Spending too little time on your resume:

Let’s be frank – while those of us at WorkMonger know that you’re so much more than your resume, the recruiting process is still largely driven by resumes. Resumes are often the only thing a hiring manager will review before making a decision on whether to give you an interview. Using the techniques above are one tool, but you should also make sure to have a flawless resume. Have a friend look over your resume to make sure you don’t have any typos and that your formatting isn’t confusing. When you’re only given that limited space, one little thing can rub the hiring manager the wrong way and your application is all for naught.

When given the opportunity, it’s also a good idea to tailor your resume to the specific role. This is especially true for two groups of people – teachers and more experienced professionals. For teachers, if you’re applying for a role outside of the classroom, you should highlight the aspects of your teaching that translate to that role because the responsibilities of the new role will be so different than what is required of a teacher day-to-day. For that second group of more experienced professionals, you might have enough work experience to fill pages. But is all of it relevant to this role? Likely not. For the sake of brevity, only detail the roles that explain why you’re the right fit for this specific position.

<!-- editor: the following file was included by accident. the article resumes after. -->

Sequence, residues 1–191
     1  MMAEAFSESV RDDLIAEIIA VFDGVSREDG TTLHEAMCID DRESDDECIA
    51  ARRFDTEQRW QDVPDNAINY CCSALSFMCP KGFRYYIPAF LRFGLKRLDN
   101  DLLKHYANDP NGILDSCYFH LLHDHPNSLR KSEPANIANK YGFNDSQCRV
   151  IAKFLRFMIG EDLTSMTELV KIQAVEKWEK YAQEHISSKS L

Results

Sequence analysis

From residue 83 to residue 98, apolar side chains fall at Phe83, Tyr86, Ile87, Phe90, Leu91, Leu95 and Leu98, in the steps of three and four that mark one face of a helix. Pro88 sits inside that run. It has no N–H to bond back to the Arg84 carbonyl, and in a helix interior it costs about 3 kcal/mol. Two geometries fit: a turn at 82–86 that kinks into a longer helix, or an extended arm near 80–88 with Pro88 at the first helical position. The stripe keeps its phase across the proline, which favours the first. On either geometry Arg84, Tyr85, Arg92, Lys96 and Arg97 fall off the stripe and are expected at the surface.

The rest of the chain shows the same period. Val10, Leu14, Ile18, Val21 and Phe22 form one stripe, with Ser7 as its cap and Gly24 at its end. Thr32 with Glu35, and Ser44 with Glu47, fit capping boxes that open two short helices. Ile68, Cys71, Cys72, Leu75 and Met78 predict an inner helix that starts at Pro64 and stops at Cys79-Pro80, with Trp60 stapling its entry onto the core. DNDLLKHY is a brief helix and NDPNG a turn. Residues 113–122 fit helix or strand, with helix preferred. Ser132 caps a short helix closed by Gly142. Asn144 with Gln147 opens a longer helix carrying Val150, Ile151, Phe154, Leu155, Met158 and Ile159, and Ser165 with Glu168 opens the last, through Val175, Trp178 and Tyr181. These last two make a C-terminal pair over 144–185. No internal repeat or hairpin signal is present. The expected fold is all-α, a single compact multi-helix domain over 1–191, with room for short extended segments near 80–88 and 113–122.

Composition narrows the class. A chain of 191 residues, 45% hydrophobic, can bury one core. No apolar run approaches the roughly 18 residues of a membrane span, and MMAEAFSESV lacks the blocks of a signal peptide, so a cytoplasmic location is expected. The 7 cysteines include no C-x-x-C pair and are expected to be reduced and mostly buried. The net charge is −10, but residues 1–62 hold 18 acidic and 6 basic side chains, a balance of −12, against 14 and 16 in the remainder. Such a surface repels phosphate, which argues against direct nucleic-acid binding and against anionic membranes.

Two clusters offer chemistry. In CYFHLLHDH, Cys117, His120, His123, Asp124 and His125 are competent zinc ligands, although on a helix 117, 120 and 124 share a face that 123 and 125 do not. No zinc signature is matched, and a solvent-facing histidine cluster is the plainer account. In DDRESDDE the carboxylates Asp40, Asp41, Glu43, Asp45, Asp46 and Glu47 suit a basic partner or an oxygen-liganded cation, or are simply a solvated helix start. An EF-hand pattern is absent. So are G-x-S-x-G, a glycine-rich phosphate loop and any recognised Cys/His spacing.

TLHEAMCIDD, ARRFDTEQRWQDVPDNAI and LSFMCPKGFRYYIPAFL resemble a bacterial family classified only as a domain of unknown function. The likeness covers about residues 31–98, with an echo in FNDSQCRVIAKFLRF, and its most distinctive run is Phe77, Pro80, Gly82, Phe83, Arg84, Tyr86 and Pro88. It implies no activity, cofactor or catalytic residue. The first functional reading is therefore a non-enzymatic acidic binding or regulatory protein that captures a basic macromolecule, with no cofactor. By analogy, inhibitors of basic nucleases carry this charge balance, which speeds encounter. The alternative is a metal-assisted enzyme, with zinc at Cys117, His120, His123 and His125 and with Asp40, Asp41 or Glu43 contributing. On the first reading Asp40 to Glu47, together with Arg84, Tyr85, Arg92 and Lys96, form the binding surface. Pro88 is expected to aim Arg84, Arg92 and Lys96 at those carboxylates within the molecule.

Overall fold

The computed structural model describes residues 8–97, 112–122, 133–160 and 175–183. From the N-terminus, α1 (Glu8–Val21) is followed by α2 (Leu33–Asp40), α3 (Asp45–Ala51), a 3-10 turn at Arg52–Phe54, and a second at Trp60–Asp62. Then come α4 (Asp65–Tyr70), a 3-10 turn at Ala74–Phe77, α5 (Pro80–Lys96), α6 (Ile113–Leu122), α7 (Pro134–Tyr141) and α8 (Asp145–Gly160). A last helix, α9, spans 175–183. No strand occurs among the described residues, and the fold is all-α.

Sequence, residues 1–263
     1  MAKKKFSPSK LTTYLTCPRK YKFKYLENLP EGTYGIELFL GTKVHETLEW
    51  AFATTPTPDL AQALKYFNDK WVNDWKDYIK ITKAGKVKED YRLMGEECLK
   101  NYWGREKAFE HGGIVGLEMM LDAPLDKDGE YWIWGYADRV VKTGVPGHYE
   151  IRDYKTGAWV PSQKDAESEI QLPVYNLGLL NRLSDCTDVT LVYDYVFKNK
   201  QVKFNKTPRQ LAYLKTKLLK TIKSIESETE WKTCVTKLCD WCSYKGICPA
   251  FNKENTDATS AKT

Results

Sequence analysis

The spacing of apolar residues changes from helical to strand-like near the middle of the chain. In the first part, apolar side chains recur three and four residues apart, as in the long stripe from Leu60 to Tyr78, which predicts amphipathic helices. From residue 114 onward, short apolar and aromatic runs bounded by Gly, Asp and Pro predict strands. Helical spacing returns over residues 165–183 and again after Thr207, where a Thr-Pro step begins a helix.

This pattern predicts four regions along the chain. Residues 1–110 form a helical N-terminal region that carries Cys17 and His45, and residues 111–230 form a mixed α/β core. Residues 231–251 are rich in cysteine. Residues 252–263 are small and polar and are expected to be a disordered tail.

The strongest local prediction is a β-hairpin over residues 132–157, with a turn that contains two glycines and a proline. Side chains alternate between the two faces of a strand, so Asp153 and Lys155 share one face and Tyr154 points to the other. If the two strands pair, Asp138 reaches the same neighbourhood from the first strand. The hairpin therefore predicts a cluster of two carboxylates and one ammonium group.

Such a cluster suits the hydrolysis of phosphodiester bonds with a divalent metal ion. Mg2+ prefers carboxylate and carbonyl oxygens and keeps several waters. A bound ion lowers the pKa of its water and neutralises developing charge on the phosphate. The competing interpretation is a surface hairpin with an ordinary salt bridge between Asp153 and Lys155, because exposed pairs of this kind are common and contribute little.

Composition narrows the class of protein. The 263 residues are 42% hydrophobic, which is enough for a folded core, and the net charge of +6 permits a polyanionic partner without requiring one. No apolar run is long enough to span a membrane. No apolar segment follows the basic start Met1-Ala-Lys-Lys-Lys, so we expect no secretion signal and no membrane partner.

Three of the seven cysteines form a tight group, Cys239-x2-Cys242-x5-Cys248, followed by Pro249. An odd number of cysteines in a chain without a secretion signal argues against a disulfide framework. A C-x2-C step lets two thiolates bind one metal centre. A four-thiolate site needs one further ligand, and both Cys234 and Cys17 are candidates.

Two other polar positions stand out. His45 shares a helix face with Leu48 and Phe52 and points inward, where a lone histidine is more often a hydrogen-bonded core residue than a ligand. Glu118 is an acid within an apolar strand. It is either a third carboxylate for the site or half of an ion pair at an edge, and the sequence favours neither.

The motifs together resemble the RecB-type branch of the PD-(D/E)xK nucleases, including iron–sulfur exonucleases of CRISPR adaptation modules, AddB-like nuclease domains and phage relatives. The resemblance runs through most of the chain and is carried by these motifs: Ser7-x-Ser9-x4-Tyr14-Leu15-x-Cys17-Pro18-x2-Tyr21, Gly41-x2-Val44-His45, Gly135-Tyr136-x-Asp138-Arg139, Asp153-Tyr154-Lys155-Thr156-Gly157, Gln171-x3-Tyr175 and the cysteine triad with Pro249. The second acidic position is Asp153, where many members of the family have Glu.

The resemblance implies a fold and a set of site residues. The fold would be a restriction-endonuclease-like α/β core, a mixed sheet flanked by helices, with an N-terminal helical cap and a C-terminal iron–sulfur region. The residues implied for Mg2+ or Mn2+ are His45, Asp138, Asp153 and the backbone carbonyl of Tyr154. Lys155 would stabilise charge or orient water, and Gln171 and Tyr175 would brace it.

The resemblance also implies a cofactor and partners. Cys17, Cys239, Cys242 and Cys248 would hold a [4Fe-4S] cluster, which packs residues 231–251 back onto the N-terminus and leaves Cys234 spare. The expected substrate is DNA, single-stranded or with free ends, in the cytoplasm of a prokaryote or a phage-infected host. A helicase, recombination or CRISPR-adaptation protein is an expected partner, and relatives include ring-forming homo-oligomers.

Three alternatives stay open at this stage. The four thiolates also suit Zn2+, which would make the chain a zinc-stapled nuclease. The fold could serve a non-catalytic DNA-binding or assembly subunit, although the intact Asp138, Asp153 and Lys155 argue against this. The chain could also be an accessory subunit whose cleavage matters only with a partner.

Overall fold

Failing to prepare for the interview:

Practicing for an interview is important no matter where you are in your career! Sometimes we see our more experienced JobSeekers wing interviews without realizing how rusty their interview skills are. Plus, make sure you’re properly researching the organization and role before the interview. As some of our other tips suggest, specificity is super important and hiring managers are interested in people who demonstrate their passion for their organization and mission, not just an applicant who wants any job.

Not treating your job search like a job:  

Job searches take work; very few people randomly stumble into the perfect role for them. Always put your best foot forward by making sure to respond promptly and professionally even if it feels like the other side isn’t. Unfortunately, some hiring processes will have a bunch of hoops you’ll have to jump through and some hiring managers might take awhile to respond to you. But remember – you’re not too good for this process. If you’re not hearing back, be proactive and send a follow-up email. This is yet another opportunity for you to plug why you’re the right fit for this role and demonstrate your excitement for the position.

Undervaluing yourself: